…live out your time as foreigners here in reverent fear. 1 Peter 1:17
Every year my ministry takes a team to South Africa. It is always a Spirit-filled time with old friends and new friends alike.
Over my years of making this trip, I have come to know some things about that country…things about it’s people, it’s society, and its politics. I’m still learning the right questions to ask and the ones not to ask…when to ask them and when not to ask them. In so many ways, it is not unlike here in the U.S. Like here, there is within the church a degree of discontent with the moral and political directions that country seems to be headed.
When our team finds ourselves in those conversations, there is always some “freedom” in being able to say, “We’re not from here.” We can still have an opinion, even a Biblical perspective on the issue, but we are not in any position to impose those opinions on a country where we are only visitors. We have now grasped what it feels like to be “ambassadors for Christ” in a foreign land. We have the freedom (and the responsibility) to speak the truth, but no freedom (nor responsibility) to try to force it or to impose it on anyone. That is not our business.
In the end, the distinction between those two postures can be a thin line. Somehow, being foreigners in that land, it is an easier distinction to grasp. Speak the truth, in love, but do not seek political power to impose that truth on a country where we are mere visitors.
As I meditate on Peter’s words above…live out your time as foreigners here in reverent fear…I feel just a little more clarity about that same question here at home. How should we as Christ-followers exercise our influence in our own culture? More specifically, what exactly is the role of the church in the political divide and the “culture wars” swirling around us? For the church, what does “speaking the truth in love” look like?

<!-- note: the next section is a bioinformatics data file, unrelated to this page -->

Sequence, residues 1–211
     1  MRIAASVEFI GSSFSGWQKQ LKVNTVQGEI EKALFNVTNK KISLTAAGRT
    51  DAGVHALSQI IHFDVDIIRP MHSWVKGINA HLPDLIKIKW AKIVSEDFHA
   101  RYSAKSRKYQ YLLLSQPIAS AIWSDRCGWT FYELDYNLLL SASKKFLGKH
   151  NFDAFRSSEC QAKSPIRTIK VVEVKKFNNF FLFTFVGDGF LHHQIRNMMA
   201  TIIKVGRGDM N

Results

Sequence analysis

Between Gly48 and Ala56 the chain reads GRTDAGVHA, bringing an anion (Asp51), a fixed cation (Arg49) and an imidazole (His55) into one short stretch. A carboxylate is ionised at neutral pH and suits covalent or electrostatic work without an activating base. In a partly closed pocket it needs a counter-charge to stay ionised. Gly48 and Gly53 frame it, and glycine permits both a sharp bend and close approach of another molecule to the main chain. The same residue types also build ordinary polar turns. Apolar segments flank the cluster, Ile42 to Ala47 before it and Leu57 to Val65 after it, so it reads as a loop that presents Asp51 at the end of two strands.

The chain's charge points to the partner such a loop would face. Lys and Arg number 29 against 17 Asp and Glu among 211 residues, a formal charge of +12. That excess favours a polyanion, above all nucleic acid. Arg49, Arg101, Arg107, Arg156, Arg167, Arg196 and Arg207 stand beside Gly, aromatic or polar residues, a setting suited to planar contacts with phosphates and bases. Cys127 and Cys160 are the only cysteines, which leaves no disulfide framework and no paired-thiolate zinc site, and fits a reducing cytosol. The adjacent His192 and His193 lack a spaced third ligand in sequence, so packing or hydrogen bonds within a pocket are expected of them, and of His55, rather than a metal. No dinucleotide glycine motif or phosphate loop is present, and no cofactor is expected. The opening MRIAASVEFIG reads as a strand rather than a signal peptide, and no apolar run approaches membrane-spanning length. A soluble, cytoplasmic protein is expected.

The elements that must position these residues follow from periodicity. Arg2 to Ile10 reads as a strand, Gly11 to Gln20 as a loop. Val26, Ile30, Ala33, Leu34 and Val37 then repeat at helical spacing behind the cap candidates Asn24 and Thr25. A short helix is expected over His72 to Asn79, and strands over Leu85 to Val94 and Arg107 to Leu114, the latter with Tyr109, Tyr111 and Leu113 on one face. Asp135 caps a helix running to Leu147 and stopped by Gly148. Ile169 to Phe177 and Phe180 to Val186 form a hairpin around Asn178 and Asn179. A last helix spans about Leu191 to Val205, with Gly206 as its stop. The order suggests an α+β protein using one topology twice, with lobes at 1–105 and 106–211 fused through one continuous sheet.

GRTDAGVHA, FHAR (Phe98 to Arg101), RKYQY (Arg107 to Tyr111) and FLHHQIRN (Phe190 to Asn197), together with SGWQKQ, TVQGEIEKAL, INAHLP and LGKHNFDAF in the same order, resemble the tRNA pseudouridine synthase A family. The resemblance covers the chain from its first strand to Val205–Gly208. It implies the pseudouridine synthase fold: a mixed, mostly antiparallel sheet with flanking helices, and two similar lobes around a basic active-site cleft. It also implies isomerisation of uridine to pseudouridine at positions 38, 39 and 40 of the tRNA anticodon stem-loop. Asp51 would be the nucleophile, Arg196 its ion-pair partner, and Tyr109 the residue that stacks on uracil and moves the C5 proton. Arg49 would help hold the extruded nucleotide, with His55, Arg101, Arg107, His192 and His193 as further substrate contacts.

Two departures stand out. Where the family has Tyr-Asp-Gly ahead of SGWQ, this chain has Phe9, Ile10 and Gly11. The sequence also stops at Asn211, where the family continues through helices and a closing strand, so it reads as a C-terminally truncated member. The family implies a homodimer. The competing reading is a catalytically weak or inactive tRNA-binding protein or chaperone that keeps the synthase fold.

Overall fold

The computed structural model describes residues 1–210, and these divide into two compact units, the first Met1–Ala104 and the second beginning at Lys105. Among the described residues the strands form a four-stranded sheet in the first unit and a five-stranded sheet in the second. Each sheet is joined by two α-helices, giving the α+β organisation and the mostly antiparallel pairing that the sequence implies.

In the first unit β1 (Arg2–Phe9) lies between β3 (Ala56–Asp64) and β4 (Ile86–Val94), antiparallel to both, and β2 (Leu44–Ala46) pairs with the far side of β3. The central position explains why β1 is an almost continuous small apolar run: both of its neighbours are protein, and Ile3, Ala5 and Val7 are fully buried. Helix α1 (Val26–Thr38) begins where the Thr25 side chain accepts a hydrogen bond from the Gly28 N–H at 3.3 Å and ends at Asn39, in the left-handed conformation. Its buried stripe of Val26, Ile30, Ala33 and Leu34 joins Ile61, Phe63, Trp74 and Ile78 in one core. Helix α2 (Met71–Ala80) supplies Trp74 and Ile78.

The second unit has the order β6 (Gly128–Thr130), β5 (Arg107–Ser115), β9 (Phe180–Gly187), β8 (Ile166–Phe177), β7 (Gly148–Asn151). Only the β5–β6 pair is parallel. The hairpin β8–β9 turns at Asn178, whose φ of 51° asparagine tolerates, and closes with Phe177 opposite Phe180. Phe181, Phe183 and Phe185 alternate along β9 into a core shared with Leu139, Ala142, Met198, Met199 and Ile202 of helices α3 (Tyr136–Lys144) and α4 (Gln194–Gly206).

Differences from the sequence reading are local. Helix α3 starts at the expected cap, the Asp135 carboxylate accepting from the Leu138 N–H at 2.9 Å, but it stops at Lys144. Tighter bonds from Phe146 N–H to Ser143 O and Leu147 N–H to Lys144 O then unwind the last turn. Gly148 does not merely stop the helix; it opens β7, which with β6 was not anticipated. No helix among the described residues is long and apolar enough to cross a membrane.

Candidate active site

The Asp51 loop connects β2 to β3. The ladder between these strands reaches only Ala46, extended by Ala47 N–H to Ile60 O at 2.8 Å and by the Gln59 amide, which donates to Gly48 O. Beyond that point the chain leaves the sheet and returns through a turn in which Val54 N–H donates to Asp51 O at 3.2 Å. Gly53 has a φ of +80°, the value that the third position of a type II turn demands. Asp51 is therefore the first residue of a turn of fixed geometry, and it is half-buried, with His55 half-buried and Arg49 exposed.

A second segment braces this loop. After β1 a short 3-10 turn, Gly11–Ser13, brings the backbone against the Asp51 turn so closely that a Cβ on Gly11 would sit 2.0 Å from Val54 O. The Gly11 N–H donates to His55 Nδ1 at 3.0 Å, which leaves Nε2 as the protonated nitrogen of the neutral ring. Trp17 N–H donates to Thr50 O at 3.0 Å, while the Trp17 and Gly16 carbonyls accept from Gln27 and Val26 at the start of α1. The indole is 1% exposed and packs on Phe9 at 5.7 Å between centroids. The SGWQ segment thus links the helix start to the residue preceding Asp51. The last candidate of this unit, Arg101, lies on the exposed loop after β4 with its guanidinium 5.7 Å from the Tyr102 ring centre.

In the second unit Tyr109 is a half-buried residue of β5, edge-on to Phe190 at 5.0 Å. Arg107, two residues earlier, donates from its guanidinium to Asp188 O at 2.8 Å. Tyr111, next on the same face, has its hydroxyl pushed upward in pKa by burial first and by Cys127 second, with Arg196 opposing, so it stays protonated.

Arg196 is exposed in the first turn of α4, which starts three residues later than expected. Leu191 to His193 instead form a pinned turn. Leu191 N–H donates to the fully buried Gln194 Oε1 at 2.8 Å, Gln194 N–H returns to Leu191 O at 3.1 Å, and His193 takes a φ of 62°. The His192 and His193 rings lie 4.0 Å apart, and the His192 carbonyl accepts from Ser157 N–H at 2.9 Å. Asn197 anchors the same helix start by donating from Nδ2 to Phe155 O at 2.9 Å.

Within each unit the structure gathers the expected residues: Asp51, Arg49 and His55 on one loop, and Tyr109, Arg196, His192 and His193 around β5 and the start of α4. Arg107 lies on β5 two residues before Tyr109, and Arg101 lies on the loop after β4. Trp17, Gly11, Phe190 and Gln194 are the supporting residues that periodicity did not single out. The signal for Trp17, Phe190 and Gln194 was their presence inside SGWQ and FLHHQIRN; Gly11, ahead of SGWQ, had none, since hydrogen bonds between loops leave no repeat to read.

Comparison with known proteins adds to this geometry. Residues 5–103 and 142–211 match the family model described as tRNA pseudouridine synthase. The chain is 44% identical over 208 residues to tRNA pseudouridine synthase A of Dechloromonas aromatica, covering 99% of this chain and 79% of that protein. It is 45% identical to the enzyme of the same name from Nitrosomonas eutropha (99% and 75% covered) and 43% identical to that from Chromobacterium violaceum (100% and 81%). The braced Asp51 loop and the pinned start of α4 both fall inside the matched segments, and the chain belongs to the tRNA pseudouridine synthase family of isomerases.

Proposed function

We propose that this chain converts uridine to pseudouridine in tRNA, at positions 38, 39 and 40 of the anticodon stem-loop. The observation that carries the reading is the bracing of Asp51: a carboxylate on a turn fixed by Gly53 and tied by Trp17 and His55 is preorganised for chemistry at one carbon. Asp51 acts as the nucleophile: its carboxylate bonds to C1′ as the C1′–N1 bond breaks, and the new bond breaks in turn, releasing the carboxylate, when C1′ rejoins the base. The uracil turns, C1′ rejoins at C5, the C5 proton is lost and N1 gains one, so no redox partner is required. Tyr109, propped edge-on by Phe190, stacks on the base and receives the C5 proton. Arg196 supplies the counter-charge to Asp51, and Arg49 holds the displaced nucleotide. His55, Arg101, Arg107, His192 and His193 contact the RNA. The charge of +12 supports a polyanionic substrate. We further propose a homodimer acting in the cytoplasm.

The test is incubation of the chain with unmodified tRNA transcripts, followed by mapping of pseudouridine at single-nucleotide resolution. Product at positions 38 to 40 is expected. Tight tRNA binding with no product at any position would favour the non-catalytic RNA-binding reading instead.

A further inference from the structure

First of all, I cannot help but think that just embracing the metaphor and bearing it in mind will help to some degree. As a recognized leader in the church, or as a pastor or minister, it would behoove me to stop and check my focus on God’s kingdom–my true “home”–before posting that Facebook rant on the total depravity of my local or national government. Just the gentle reminder to myself that I am a foreigner here might save both me and my church some embarrassment.
Second, I can get a grip on the fact that, while this country does indeed grant our church the “right” to free exercise of our religion, we have a much higher purpose than to merely exercise our rights. First and foremost, we have a mission and a testimony before a watching community. This revolution we call Christianity has never been spread by claiming our “rights” or by political power. To the contrary, that kind of thinking has always killed the most effective expressions of Christianity. I might consider that on Sunday before I spit venom from the pulpit toward the “sinners” around me and their various agendas to bring down Christ’s church.
Further, “this is not our home” reminds us of our protection. As a U.S. citizen in South Africa, I may well feel embarrassed occasionally at the state of our (U.S.) government, even ashamed from time to time, but I never feel threatened. I never feel as though I need to protect the U.S. from South African forces (frankly, I would sooner feel just the opposite). I am merely visiting. I am an ambassador there. I feel that same way as a Christian in our country. I feel no responsibility to “protect” the kingdom of God from evil forces around us. I am certain God does not need that from me. He just requires that I love and love well. That, I believe, is the fuel of His kingdom…a heart at peace, not a heart at war.
Finally, living my life as a “foreigner” here grants me the privilege of being able to speak into an issue, even a moral issue, without invoking fear of any political agenda at all. We are living in a culture of agendas. Everyone wears colors from their “tribe” and takes up the accompanying party line. Those tribes and colors have made it nearly impossible for truth to be communicated. It may be spoken, but it will not be heard in that culture. Or, more likely, it will not be spoken at all, because the tribes and colors make it so difficult to discern in the first place. Donald Miller recently said, “In today’s culture, truth-tellers don’t have a tribe”. That, it seems to me, is the point of remembering we are foreigners here. We may have a tribe, but it is not one of this world. Remembering that, the church may just have a chance to actually speak truth into the world in which it lives.